Frank Graves and Michael Valpy: As in the U.K. and the U.S., ordered populism has polarized Canada into two incommensurable camps
This is not unique to Canada. It’s a new feature of western democracy. You can hear it in post-Brexit England (“Take back control”), in Trump America (“Make America Great Again”), and now echoing in Conservative leadership candidate Erin O’Toole’s proclamation that, with him at the party helm, the Conservatives will “take back our great country.”
You can hear it in candidate Peter MacKay contrasting his masculinity to the prime minister’s —MacKay likes staying active by playing hockey while Justin Trudeau prefers yoga.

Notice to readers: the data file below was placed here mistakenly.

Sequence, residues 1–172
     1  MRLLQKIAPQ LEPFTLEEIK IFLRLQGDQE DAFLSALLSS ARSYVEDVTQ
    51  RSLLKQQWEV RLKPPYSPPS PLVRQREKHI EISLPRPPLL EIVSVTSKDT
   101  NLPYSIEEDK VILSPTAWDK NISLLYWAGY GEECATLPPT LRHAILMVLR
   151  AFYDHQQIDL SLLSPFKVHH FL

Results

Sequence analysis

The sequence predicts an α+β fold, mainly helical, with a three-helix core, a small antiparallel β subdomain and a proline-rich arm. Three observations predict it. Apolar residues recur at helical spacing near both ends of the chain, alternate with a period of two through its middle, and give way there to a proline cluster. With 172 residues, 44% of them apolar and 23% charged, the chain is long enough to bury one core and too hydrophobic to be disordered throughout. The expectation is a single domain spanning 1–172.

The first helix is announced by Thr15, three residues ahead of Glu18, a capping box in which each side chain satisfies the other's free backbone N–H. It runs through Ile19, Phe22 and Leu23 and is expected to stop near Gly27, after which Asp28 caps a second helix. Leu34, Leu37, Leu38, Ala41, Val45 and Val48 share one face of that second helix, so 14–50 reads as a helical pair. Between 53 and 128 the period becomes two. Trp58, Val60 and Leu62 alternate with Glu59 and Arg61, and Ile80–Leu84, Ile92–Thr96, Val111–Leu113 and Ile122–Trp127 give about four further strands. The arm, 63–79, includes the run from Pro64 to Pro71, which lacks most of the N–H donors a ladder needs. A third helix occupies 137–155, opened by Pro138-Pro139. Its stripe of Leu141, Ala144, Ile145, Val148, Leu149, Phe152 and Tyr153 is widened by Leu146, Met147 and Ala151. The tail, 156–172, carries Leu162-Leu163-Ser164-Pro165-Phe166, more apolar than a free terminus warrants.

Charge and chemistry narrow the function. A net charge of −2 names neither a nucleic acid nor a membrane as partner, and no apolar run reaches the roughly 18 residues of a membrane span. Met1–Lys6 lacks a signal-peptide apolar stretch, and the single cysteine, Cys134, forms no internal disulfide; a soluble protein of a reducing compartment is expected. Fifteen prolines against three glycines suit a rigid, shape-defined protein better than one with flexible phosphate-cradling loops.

What no one seems to be saying to the members of this new Conservative Party is that Canada may look like a relatively prosperous country from the top and from the outside, but the people who form the party base are the victims of an economy that’s done little for them over the past 30 years—one that’s eroded the security and identity they had in the past and that’s increasingly moved urban housing and a secure retirement out of reach while seeing them fall out of the middle class.